RND 8 to 12- 1ddc in next 24sts. [24ddc] Tie off leaving long tail for sewing. Stuff with polyfill.

The tail:
— Work 3ddc into a magic ring. Pull tight.
— 1ddc in each st in continuous rounds until tail measures approximately 8cm in length. Tie off leaving long tail of year for sewing.

The arms (make 2):
— Work 4ddc into magic ring. Pull tight.
— 1ddc in each st working in continuous rounds until approximately 3.5cm in length. Tie off leaving long tail of yarn for sewing.

The ears (make 2):
RND 1- work 10ddc into magic circle. Join.
RND 2- ch 2, 1ddc in same st, 2ddc in next 9sts join. [20ddc]
RND 3- ch 2, 1ddc in next 17sts, skip 2sts, join. [18ddc] Tie off, leaving long tail of yarn for sewing.

The bottom:
— work first 2 rounds for ear, tie off leaving long tail for sewing.
And so basically, you just sew everything on! It’s pretty straight forward I think, and once everything is joined nicely don’t forget to thread the loose ends in.
Then, I make her a sweet little face using the embroidery thread. I am a pretty terrible hand sewer so there wasn’t much point showing you this step. I like the closed eyes look, but you could do anything you like really. I’ve been imagining a soft pink tip on her nose (using the wool needle and pink yarn) and even some teeny tiny itty bitty glasses to sit on her nose!
You can tie a sweet pink ribbon on her ear, or perhaps you would like to get super creative and make her a tiny hat. Maybe even a teeny scarf?

Either way, I sure hope this post makes enough sense so Tilly’s can be born all across the globe! Before you do get crackin’ though, please promise me that you’ll remember to give me pattern credit if you decide to show off your Tilly, particularly if selling. It’s just really nice :)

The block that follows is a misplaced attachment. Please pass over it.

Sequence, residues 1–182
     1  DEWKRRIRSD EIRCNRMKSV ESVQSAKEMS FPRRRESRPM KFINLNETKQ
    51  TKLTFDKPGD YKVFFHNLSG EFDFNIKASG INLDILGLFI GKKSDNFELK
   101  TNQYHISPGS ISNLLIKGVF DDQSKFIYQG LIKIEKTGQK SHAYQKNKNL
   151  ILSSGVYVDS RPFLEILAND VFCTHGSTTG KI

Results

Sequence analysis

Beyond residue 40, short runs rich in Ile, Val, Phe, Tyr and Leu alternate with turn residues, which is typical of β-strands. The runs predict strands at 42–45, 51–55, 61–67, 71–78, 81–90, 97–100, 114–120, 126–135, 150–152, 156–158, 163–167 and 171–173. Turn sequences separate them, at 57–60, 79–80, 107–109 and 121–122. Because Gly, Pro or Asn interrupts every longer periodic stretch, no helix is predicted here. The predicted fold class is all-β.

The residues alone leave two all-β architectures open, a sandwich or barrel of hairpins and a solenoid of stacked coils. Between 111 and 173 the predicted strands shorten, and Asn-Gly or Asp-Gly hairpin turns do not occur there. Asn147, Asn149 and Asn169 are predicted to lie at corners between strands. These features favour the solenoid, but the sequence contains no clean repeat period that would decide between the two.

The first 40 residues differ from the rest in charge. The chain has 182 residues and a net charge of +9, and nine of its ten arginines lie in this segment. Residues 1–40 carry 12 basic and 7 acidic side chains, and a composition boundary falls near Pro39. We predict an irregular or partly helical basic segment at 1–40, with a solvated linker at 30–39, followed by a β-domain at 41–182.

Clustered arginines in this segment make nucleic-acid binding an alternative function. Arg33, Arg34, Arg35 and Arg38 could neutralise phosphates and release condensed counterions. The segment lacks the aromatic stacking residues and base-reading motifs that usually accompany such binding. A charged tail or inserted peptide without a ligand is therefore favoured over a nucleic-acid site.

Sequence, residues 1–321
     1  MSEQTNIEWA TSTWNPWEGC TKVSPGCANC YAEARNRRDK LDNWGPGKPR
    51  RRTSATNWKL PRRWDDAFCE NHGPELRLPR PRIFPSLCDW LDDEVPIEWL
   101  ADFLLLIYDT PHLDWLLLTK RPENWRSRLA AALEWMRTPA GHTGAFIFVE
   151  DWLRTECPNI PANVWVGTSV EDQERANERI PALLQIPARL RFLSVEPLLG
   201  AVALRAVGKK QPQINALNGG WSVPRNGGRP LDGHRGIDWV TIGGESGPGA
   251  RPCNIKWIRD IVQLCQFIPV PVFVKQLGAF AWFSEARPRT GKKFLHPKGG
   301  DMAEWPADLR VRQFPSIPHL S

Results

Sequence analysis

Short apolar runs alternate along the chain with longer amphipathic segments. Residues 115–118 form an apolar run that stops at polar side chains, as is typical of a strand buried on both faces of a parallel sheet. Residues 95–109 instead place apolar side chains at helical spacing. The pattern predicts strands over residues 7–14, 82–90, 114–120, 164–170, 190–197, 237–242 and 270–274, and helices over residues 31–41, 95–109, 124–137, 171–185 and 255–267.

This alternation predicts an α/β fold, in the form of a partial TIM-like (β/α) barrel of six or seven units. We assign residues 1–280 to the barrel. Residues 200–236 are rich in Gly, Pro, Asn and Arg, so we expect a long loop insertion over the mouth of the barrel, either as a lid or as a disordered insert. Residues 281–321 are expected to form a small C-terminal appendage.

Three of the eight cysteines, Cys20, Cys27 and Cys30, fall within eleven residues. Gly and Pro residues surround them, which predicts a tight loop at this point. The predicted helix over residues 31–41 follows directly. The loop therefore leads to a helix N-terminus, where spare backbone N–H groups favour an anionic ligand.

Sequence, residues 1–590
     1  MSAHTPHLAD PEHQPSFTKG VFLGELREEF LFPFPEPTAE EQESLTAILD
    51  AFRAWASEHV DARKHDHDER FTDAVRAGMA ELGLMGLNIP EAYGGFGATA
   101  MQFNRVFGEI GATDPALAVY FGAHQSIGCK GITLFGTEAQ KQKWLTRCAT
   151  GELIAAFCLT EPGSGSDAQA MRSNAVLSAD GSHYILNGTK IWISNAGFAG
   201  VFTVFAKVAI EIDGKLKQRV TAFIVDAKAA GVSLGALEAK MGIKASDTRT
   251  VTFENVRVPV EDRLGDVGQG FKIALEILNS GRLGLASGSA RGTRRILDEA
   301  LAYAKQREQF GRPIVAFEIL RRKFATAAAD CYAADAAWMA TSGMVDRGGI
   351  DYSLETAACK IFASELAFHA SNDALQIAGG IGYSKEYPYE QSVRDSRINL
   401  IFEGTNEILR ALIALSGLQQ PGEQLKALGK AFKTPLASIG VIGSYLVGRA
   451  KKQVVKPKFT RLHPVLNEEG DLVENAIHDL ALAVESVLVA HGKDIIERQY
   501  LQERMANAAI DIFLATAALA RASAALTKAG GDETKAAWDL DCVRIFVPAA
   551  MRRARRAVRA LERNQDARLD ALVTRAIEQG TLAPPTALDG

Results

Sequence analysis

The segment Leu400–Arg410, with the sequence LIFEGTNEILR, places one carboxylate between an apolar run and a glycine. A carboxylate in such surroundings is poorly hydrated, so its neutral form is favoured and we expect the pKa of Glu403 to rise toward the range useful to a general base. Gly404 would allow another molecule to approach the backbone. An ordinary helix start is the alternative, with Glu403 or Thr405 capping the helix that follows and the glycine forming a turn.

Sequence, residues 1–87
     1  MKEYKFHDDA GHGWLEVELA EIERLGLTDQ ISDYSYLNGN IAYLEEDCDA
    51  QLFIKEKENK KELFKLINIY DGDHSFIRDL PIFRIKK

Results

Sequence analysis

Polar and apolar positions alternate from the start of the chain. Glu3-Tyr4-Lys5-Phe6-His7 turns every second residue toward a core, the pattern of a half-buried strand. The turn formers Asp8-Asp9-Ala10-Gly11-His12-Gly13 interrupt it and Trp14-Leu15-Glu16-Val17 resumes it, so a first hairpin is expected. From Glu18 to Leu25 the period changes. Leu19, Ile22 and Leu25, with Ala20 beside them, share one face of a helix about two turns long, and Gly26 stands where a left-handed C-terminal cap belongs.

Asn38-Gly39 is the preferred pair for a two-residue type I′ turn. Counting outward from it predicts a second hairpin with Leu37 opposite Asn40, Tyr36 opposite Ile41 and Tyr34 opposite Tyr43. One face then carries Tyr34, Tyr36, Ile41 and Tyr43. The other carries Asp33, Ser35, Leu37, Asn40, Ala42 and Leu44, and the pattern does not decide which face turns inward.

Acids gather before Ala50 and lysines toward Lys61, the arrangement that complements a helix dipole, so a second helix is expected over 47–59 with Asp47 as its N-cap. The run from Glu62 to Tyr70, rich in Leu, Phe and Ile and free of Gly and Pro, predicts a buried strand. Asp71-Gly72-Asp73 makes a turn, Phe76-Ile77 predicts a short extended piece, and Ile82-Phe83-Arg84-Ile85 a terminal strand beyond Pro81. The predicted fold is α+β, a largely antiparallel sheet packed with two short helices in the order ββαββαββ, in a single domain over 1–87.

Eeeeek I can’t believe I am posting this now, I hope it’s not just a giant embarrassment! Please let me know if I need to change anything! And enjoy!

Much love, Jac xx


An explanation…

The first beanie I ever made - must have taken me about a week!
The first beanie I ever made – must have taken me about a week!

I like to pop ©IssyInspired on my photos. I promise I don’t do it because I am some snob who thinks she owns all crochet beanies or something. The truth is, anything I copyright is my intellectual creation and is not a copy of somebody else’s work. It means I didn’t use someone else’s pattern, I made it up myself.

It also means I sat down, for hours on end, figuring out how to make the piece by myself – it involves a fair bit of patience, a lot of trial and error, and even a few complete fails. Copyright is automatic, and you aren’t required to put a fancy © symbol or declaration with your work. However, and understandably, I like to give myself not only the full credit for my hard work, but also the protection from it being cheaply ripped off.

This is just the way I find joy in my work.
Don’t get me wrong, I have used patterns from other people before, and I will use more as time goes on. That’s what they are there for, after all. And gee there are some AMAZING patterns out there, just taunting me to try them out.
But as far as the bulk of my work goes, I find the most pleasure in experimenting and coming up with little creations or designs of my own. It makes me feel clever.

Here is a little bit of writing from a great PDF I found…
“Works are only protected by copyright law if they are ‘original’ works. A copyright work will be considered original if it is the product of the creator’s own intellectual effort and has not been copied from another person’s work.”